Slocombe, K.E. and Zuberbühler, K. (2005) Functionally referential communication in a chimpanzee. Current Biology, 15 (15). pp. 1779-1784. ISSN 0960-9822
The evolutionary origins of the use of speech signals to refer to events or objects in the world have remained obscure. Although functionally referential calls have been described in some monkey species [1 and 2], studies with our closest living relatives, the great apes, have not generated comparable findings. These negative results have been taken to suggest that ape vocalizations are not the product of their otherwise sophisticated mentality and that ape gestural communication is more informative for theories of language evolution [3 and 4]. We tested whether chimpanzee rough grunts, which are produced during feeding contexts [5, 6, 7 and 8], functioned as referential signals. Individuals produced acoustically distinct types of “rough grunts” when encountering different foods. In a naturalistic playback experiment, a focal subject was able to use the information conveyed by these calls produced by several group mates to guide his search for food, demonstrating that the different grunt types were meaningful to him. This study provides experimental evidence that our closest living relatives can produce and understand functionally referential calls as part of their natural communication. We suggest that these findings give support to the vocal rather than gestural theories of language evolution.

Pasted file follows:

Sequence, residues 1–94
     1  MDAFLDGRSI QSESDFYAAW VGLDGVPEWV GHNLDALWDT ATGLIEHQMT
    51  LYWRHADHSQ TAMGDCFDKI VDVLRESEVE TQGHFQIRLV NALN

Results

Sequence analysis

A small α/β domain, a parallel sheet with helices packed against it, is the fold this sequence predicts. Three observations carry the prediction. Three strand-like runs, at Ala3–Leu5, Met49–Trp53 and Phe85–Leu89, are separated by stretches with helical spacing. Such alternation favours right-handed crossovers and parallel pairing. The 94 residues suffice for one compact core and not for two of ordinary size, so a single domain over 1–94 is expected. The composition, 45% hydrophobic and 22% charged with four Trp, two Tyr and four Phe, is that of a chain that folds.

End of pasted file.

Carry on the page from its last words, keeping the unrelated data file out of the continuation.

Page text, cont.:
|Institution:||The University of York|
|Academic Units:||The University of York > Psychology (York)|
|Depositing User:||York RAE Import|
|Date Deposited:||23 Jun 2009 12:08|
|Last Modified:||23 Jun 2009 12:08|
|Publisher:||Elsevier (Cell Press)|